This post is based on the Big Shift Report 2009 by Hagel & Brown in conjunction with Deloittes.
The lede of their story is:
Among the key findings, U.S. companies’ return-on-assets (ROA) have progressively dropped 75 percent from their 1965 level despite rising labor productivity. Even the highest performing companies are struggling to maintain their ROA rates and increasingly losing market leadership positions.
This is pretty scary.
They have also produced an industry-specific version and I repeat some key retail industry findings. Of course the data is US-centric, but the core trends and issues seem universal.
- Since 1995 , competitive intensity has decreased dramatically (on an index from .02 to .06 – representing 3-fold change. With overall consumption down , many retailers have folded, especially those who have not been able to use technology to achieve significant cost reductions. (Less competition sounds good, but the reason why does not. And of course it does not account for non-traditional retail channels popping up...)
- Asset profitability (ROA) has declined steadily from a high 7% in 1965 to 3% in 2008. There was a significant spike from 2001 to 2007 – until the global financial crisis struck. The top performers ar holding steady, but the overall index is pulled down by savage declines amongst the poor performers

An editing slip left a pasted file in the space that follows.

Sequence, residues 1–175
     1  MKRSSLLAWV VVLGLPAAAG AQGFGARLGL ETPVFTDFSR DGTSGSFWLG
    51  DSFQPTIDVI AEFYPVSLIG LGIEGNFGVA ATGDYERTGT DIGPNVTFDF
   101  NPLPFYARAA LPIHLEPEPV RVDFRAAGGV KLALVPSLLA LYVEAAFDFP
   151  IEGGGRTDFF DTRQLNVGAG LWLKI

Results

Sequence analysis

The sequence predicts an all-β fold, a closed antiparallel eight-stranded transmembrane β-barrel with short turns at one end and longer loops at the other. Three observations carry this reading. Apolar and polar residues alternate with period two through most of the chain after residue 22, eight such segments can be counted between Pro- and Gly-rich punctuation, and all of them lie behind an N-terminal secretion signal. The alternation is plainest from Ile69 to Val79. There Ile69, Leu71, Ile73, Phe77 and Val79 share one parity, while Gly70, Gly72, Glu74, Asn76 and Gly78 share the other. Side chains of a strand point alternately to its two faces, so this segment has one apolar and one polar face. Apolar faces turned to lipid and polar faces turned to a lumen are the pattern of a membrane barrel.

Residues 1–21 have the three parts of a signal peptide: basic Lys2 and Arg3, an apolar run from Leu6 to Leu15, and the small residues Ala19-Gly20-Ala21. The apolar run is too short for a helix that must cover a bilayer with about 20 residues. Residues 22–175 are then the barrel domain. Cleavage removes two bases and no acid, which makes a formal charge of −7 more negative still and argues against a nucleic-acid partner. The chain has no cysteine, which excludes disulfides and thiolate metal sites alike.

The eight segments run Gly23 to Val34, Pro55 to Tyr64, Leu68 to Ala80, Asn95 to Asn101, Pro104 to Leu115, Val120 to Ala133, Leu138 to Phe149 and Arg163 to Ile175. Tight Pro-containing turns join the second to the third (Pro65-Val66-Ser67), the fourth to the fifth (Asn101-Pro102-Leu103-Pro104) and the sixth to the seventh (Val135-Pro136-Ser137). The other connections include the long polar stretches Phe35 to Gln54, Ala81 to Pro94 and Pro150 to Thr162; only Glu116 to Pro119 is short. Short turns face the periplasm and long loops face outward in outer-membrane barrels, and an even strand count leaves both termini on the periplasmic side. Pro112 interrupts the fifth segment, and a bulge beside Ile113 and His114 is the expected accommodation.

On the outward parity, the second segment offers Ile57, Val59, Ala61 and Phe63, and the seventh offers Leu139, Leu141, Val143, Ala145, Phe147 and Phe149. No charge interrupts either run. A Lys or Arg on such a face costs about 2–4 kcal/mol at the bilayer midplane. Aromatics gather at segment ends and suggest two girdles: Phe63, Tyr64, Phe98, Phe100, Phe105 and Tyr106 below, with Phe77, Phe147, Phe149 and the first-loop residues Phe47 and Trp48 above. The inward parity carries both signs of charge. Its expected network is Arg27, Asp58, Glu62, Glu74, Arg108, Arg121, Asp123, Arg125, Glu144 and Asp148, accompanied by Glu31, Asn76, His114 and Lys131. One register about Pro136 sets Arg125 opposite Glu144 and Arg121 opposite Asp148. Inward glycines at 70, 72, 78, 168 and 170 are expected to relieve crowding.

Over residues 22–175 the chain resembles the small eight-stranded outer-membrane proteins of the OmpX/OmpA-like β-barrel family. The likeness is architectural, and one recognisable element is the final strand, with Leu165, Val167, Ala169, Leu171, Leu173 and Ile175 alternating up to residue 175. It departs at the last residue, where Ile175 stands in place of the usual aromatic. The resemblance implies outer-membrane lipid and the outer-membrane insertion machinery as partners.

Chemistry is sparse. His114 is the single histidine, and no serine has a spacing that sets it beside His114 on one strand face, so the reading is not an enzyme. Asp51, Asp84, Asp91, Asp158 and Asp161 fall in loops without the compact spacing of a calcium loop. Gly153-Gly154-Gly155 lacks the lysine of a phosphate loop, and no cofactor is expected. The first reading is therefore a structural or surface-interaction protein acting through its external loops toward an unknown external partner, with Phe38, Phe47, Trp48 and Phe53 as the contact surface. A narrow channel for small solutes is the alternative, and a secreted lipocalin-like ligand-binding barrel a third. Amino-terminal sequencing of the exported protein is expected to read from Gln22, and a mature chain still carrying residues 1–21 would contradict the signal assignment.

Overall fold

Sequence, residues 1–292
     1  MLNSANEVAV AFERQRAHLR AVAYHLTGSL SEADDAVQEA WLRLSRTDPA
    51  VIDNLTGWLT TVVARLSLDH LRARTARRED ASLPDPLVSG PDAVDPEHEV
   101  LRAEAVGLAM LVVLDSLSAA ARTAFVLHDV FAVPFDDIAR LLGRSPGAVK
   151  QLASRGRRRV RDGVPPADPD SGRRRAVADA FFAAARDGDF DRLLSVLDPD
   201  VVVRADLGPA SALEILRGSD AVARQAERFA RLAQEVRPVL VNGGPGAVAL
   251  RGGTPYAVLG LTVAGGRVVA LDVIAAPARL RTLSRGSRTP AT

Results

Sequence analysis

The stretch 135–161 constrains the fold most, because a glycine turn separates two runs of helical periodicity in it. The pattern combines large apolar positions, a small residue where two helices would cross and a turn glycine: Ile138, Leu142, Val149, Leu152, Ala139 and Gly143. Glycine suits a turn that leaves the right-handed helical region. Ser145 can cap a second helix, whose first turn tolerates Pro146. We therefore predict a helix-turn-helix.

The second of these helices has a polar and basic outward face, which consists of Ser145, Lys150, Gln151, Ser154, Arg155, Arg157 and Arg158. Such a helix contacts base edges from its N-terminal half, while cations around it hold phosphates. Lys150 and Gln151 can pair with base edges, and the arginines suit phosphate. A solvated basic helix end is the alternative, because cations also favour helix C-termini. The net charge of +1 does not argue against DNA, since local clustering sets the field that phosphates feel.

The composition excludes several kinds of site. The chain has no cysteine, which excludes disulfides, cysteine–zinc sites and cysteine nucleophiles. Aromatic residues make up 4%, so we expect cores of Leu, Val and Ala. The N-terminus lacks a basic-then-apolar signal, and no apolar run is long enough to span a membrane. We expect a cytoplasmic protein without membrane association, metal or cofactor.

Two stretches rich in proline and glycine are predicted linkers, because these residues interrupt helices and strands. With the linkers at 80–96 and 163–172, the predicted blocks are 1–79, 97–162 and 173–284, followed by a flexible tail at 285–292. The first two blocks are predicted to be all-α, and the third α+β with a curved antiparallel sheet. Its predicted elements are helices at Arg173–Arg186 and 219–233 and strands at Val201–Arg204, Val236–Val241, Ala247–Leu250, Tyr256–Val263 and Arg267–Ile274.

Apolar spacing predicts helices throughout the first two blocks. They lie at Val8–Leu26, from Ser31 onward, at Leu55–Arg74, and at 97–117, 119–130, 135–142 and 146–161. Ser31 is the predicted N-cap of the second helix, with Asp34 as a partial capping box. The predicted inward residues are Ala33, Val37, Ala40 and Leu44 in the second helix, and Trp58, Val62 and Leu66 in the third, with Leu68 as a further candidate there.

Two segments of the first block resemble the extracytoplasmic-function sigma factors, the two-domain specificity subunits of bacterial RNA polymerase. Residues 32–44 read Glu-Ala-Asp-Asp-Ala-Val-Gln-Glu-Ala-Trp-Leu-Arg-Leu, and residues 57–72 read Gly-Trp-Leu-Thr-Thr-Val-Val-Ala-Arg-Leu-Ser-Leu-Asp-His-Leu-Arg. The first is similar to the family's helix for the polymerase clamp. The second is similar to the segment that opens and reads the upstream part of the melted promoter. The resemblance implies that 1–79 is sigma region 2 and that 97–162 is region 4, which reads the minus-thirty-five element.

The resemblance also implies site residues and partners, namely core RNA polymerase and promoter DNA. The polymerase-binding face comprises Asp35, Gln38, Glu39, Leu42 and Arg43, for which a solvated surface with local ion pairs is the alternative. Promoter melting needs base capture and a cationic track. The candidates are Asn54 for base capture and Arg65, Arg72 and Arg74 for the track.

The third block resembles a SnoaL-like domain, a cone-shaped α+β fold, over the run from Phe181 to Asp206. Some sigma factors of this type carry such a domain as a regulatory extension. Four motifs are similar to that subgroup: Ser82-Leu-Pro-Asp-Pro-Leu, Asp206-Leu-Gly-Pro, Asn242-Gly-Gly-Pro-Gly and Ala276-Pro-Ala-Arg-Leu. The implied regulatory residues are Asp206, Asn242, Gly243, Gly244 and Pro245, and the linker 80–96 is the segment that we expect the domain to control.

- Firm topple rates is an interesting metric that reflects the annual rank shuffling (volatility) by the top firms. This has increased by 30% - which suggests that it is becoming harder to get maintain leadership positions, driven in all likelihood by volatile brand loyalty.
- Another interesting metric is ‘knowledge flows’; which in this era of the creative class is obviously important. The retail industry ranked last out of all industries in the US for Inter-firm knowledge flows. This means that the retail industry benefits least from the cross-pollination of ideas from other industries.
[Given that we are in the business of helping suppliers navigate the retail supply chain, we can attest to the fact that retailers are not always that keen to leverage the insights that manufacturers have to share.]
All of these trends can be attributed to the following two core drivers:
- The ubiquity of ecommerce
- The power shift towards consumers, with the ability and propensity to choose form a wide range of alternatives
There is no immediate solution that will complete negate these drivers. But I do believe that flexibility - that allows you to adapt, change, and respond - will be the key determinant of a retailer’s survival.